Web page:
Good post Fred


Fred said...

redstarcafe, once upon a time before I started volunteering at TAS (where one quickly gets used to picking up crap from all sorts of dogs) the thought of having to deal with poop not emitted from my own two dogs kind of made me barfy, so the thought of someone leaving shitty presents in my Green Bin, however nicely presented, would've definitely been a turn off. Although, I can sort of understand it too because there have been times when I've wandered the neighbourhood carrying my little bundle of warm joy with nowhere to trash it and then I'd be surreptitiously eyeballing stranger's Green Bins. I can honestly say, though, that I have never fallen for that easy temptation but then I was using opaque plastic bags. Now with the transparent ones ... hmm ... I may have to revisit my non-proliferation treaty.

Susan, I would never discourage anyone from doing what they can to preserve the environment. Whether we win or lose this battle, acting on one's good principles is important in and of itself. Otherwise, we might as well all just go partée on crack.

onequarterdal said...

I use both grocery store type bags and the biodegradable ones. I hope the biodegradable versions will drop in price below $2.59 a piece :-). I am able to live with myself (or I'm in denial). I picture the poop actually helping the bag decomp. Millions of dogs and cats are euthanized across North America each year. I imagine that the euth chemicals, gas chamber etc. injected into their wee souls are probably not doing much for the environment neither, but hey no one's tagging that as a way to save the earth. I'm greener than most, but I pick up after my dogs and sometimes its not the greeniest version.

onequarterdal said...

I'm one of those folks who have used somewhat transparent bags in the past (and present) and forget I have it and start flinging and fidgeting with the bag while visiting. Non-dog owners flinch. I have no objection or queasiness about picking up after my own, but its icky to pick up after another's. What's up with that? I do it, but its queasy. I do it so I a) don't step it in next time b) get blamed for it.

Anonymous said...

Well, it turned out that the gift wrapped poop bags were not from my OCD neighbour, which I think is what got me incensed because he does have his own Green Bin. One morning I spotted a guy walking his Boxer, and he stopped and picked up a Gift, wrapped it ever so carefully (in a tiny green bag, not a see-through one), looked for my Green Bin but maybe saw me peering out the front window (my kitchen is at the front and I was doing dishes, not spying on the neighbours). He walked on in search of another Green Bin. He seemed so earnest and...well...Green.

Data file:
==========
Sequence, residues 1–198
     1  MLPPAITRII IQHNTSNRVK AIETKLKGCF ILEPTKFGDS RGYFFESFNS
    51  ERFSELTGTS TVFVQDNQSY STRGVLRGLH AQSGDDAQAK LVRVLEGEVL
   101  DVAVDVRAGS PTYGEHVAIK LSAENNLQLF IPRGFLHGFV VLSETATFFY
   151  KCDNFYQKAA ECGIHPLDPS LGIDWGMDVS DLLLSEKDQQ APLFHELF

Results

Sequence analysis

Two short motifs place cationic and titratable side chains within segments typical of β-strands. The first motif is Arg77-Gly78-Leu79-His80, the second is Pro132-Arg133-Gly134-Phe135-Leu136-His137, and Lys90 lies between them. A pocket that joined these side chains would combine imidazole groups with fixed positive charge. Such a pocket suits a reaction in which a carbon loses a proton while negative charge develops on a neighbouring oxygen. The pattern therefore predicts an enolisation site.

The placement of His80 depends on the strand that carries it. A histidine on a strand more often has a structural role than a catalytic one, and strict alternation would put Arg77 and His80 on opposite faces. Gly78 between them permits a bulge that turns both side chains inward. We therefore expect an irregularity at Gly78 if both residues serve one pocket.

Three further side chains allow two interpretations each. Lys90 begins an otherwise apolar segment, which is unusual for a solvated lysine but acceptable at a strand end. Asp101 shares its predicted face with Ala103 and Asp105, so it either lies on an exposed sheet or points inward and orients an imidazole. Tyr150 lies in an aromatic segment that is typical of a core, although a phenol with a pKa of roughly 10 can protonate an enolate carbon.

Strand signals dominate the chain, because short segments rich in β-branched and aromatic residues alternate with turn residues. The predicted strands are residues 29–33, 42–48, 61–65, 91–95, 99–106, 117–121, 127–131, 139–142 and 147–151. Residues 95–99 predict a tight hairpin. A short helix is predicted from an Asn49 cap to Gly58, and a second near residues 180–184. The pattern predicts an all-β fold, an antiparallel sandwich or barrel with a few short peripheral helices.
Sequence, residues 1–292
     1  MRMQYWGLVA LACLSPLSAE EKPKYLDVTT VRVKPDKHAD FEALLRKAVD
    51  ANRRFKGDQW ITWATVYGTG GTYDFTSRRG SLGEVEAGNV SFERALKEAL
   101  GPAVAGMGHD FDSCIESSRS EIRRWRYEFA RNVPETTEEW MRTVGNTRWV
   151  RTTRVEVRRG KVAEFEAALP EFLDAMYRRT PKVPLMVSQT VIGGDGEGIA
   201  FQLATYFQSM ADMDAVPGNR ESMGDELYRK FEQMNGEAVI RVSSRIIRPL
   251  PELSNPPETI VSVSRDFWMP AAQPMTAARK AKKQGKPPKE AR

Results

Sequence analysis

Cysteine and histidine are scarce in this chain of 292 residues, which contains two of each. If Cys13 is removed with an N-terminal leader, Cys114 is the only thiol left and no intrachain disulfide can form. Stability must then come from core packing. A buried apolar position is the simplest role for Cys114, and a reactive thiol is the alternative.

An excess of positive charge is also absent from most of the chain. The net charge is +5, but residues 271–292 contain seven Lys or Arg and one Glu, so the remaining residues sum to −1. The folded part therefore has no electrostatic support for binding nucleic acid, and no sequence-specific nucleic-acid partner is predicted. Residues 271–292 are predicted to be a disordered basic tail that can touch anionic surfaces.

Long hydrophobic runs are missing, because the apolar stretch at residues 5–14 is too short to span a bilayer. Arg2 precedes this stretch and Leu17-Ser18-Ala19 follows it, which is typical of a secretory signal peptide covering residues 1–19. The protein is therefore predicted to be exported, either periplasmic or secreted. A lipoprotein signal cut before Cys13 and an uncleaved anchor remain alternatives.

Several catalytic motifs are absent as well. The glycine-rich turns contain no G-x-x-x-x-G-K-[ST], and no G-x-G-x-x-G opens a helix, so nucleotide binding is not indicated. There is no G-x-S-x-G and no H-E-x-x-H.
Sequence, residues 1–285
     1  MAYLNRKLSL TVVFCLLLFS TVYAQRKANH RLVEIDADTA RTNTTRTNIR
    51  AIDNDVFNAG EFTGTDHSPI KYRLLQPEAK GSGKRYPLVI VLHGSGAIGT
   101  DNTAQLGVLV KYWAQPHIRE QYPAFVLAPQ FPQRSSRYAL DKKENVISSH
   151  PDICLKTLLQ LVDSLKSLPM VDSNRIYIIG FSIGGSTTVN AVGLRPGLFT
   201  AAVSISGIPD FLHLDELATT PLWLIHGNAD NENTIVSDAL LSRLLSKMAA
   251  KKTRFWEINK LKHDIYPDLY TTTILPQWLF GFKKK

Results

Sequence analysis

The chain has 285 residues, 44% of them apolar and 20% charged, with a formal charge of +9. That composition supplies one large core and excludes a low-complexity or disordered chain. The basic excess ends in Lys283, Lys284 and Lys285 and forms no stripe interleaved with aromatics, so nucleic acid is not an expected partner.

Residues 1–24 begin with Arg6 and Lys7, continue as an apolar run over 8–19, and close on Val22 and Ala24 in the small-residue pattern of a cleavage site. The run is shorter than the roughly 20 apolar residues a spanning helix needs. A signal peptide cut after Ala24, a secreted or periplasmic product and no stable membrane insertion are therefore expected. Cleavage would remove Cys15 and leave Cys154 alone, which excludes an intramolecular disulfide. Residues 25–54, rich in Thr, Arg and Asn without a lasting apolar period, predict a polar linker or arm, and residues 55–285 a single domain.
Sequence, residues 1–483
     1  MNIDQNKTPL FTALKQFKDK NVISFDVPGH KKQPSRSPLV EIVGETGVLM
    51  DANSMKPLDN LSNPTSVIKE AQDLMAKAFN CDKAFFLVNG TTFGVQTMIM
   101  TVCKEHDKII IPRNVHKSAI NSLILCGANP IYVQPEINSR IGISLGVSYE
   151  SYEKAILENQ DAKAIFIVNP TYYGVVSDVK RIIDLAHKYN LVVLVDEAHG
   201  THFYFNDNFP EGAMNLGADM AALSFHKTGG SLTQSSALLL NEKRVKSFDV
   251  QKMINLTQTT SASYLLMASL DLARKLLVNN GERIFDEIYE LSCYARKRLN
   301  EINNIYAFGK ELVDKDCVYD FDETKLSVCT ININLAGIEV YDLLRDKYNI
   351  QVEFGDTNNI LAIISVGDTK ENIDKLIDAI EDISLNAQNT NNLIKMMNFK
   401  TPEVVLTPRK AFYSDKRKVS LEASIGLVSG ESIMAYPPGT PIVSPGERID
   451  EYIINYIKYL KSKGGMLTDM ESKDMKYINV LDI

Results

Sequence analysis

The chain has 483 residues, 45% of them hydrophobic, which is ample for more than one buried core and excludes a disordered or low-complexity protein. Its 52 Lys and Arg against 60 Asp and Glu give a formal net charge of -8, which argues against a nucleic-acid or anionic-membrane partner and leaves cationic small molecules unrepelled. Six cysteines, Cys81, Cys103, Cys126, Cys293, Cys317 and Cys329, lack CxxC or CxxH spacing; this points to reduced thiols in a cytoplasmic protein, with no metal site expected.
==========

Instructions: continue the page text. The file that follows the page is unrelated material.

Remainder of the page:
Walking my own two, I have no qualms whatsoever about flinging a baggie about and, if I'm visiting, asking if I can drop it off before we head home ;)

onequarterdal said...

Years ago at our house, I had a doggy dooley system. Its a poop composter. I should really get another...we don't have green bins here.

I only wish my neighbours were OCD enough to look to dispose nicely of their dog's poop. My neighbours ignore the on-leash rule, and we find large grain-kibble poops near our front door. Gee thanks eh?

Fred said...

onequarterdal, hey I used to have one of those dooley things. Everytime after a dog dumped in the backyard, I'd go shovel it up, throw it into the dooley, otherwise known as a hole in the ground, add water and then some of that magic powder. It was like making stew.

onequarterdal said...

YES! That's it. They're kind of pricey, but I think if I bought another one (my hubby refused to dig up the one when we moved; for obvious reasons) and moved the "stew-pot" around the property; it could double as fertilizer and a mole deterrant.

I cheaped out a while back and simply dug a hole and put a plastic garage bin (with the bottom cut out) in the ground, but my female mutt kept running off with the lid. Normally that'd be ok, except she likes to also eat poop! I think you can picture why it wasn't a good thing.

I'll have to splurge on a new dooley I guess, sigh.